The Frasier reboot has just been confirmed, and there is a very relatable reason why millennials should catch up with the comedy series about a highly privileged radio psychiatrist.
Hey baby I hear the blues are calling tossed salads and scrambled eggs… oh, and a Frasier reboot. Yes, the 90s sitcom about Seattle’s favourite radio psychiatrist, Dr Frasier Crane, is returning to our screens after 20 years.
Kelsey Grammer, who plays the titular role (who else could?) made the announcement in a statement this week, saying: “I gleefully anticipate sharing the next chapter in the continuing journey of Dr Frasier Crane.”
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To quickly recap, the long-running Emmy-winning series, Frasier, follows the story of a self-proclaimed “intellectual” who lives a high-brow lifestyle in an elaborately furnished penthouse with his father Marty (played by John Mahoney, who sadly died in 2018) and his British physio Daphne (Jane Leeves).
Frasier is best friends with his younger brother, Niles (David Hyde Pierce), who also congratulates himself on attending the opera and knowing the full works of Shakespeare. He is also good friends with his radio show producer Roz (Peri Gilpin) who, although slut-shamed throughout the series, isn’t afraid to call out Frasier for his snobbish ways.
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However, there has been no confirmation that the other members of the original cast will also return, which has left fans asking: can a Frasier reboot work with just Grammer?
Because, away from the jibes about the ridiculousness of the “Crane Boys”, the main message of the series was actually a heartwarming one about Frasier working on relationships with people who see life from a different point of view – specifically the relationship he has with his former-cop, beer-guzzling, sport-loving, down-to-earth dad.
Marty always reminded his sons about what life is really all about, away from the flashy careers, impressive university certificates, over-priced pieces of art and fine dining. And, really, isn’t this something that a lot of millennials can relate to today?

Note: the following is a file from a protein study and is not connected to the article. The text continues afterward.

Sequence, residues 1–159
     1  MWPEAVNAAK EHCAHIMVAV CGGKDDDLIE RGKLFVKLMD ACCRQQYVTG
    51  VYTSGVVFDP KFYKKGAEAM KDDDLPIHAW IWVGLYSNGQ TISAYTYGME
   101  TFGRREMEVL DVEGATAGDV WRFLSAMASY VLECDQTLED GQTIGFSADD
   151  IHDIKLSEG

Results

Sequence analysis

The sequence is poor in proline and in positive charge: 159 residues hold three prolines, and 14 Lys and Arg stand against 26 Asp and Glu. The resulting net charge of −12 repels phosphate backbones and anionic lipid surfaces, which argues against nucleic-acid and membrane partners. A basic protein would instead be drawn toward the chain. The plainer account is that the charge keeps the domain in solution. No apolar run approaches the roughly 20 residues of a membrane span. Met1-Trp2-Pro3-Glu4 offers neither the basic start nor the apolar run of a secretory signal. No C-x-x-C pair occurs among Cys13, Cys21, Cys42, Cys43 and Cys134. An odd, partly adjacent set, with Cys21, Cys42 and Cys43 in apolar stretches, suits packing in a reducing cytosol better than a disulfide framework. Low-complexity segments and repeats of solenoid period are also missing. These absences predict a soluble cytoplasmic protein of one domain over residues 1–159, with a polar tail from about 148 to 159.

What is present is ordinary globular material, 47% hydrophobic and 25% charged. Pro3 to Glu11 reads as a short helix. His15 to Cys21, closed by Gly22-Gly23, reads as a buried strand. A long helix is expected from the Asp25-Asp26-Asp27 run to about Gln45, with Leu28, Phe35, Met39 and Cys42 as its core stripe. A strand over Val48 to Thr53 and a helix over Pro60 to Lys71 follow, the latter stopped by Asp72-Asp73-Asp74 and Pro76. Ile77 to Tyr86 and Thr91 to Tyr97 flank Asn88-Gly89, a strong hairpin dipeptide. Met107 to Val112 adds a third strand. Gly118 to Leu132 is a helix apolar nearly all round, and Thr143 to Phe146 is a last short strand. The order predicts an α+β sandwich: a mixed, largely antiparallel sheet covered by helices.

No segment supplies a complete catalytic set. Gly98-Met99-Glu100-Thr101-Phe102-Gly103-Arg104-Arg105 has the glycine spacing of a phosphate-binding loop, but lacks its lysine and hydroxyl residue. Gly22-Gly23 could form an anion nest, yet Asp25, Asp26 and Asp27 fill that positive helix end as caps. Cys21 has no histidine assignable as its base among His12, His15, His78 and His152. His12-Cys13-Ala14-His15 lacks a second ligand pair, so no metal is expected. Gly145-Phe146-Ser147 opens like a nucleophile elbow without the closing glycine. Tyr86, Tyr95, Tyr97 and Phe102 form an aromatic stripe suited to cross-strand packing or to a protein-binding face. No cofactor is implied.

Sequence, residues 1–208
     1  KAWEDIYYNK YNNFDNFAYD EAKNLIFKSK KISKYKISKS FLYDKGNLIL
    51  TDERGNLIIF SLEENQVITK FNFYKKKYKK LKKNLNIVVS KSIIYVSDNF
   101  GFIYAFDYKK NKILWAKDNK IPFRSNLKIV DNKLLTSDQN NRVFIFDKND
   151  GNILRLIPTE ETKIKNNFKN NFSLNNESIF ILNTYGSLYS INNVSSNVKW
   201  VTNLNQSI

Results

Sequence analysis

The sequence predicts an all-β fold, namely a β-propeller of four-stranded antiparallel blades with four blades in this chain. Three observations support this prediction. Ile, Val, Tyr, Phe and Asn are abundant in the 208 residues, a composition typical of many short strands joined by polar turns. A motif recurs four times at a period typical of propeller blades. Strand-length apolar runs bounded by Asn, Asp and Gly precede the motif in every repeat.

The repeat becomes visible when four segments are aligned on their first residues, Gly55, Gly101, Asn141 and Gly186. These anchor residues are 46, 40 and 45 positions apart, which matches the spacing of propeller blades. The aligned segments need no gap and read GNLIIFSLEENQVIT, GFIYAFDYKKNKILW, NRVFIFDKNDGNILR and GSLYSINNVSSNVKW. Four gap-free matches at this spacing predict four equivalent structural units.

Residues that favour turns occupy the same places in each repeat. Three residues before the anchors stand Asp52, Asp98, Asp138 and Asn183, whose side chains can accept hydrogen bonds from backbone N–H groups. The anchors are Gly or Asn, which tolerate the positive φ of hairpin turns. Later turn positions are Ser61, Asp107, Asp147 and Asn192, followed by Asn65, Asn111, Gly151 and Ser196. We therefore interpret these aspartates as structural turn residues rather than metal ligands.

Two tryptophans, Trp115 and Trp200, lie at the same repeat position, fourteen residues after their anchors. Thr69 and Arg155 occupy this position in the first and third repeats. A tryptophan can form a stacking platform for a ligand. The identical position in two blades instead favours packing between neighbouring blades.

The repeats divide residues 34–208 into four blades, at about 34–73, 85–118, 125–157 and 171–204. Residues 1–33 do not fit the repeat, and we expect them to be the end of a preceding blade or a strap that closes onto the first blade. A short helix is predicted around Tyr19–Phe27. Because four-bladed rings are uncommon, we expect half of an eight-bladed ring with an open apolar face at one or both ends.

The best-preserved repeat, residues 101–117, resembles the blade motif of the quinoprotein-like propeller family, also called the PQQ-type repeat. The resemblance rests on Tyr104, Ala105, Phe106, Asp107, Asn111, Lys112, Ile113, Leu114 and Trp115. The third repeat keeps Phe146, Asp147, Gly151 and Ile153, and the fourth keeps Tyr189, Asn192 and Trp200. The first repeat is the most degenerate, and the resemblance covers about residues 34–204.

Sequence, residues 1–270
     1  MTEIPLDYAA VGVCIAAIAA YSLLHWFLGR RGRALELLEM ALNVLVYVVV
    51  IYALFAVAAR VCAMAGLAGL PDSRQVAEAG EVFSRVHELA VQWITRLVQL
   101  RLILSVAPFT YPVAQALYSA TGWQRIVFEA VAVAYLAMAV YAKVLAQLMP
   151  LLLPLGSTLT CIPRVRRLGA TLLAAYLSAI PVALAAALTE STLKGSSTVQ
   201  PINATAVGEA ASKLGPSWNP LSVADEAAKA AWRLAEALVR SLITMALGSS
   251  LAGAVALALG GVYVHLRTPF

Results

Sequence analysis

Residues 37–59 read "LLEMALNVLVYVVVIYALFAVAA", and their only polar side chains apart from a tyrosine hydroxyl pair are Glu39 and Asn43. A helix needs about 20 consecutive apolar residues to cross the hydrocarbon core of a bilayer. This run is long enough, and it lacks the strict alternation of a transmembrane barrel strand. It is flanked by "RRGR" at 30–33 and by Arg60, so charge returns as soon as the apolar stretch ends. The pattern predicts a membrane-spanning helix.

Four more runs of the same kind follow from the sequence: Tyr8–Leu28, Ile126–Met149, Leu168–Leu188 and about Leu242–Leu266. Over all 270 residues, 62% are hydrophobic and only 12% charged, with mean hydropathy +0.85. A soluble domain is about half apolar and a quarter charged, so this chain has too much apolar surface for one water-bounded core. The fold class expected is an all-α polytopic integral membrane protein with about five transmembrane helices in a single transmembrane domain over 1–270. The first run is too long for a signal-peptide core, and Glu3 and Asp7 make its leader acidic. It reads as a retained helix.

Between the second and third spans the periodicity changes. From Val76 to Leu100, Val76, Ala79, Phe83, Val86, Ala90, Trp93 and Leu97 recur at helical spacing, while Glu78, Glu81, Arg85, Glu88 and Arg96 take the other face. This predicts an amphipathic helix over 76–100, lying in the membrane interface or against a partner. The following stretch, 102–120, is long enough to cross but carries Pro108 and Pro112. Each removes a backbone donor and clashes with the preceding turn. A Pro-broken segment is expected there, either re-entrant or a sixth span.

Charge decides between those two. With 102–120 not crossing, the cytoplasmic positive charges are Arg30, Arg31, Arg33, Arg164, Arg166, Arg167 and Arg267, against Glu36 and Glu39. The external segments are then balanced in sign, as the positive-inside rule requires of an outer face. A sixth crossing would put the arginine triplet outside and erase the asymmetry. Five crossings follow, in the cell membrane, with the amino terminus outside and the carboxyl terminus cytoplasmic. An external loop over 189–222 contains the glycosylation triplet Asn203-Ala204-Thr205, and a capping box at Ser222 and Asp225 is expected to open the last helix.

It resonates with me because it makes me think about my relationship with my mum (who incidentally is the person who got me into Frasier when she used to laugh at our long-suffering but well-booted protagonist every Friday night when I was a young teen).
Mum, who is very proudly working class, thinks I’m a total snob because I spend £2.90 on flat whites, enjoy eating olives and listen to Radio 4 in the morning. She also doesn’t understand why I chose journalism as a career instead of something “normal”. Oh and she thinks I’m a snowflake who takes things way too personally (which, yes, is true).
All that said, she always fully supports me – but this clash over our differing aspirations in life still leads to heated discussions. She is the Marty to my Frasier, and I suspect she thinks I am the dictionary definition of “millennial”.
As the only two people on Team Stylist to watch Frasier obsessively, I immediately messaged my colleague Kayleigh when I learned a reboot was happening. She went one step further, suggesting that Frasier is actually “the original millennial”, and I reckon she’s bang-on.
“Frasier’s the ultimate millennial, isn’t he?” she said. “If you ignore his magnificent apartment with the live-in maid and the piano, I mean. Think about it: he lives with his dad, he’s a serial dater, he’s a foodie, he’s obsessed with home decor trends, and he bloody loves living in the city so much he keeps on renting at eye-watering prices.”
Kayleigh continued: “He craves external validation, he is nostalgic AF, he only knows the name of ONE person in his apartment block (and that’s only because he hates him), and he spends all surplus income on takeaway coffees, clothes, and nights out.
“His friends are his family and his family are his friends. Plus, he was apparently supposed to be IN HIS 30s when he made his first TV appearance in Cheers. God, I relate to him so hard.”
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It seems a little rogue, two millennial women relating to a fictional Ivy League-educated, middle-aged American man who is famous for his radio show, doesn’t it?
But I think it’s because, after being raised in a generation that has been told to work hard and go get what you want, we all relate to wanting to “do better” in life like Frasier. Many of us have lost ourselves in chasing a career, spending money we don’t have on an overpriced vase we saw on Instagram, and putting on a bit of a posh voice when talking to old friends we want to impress. So, we’re grateful if we have a Marty in our life to ground us again.
So while I personally don’t think this reboot can work without the full cast, it’s a great time to highly recommend watching the double bill on Channel 4 in the morning.
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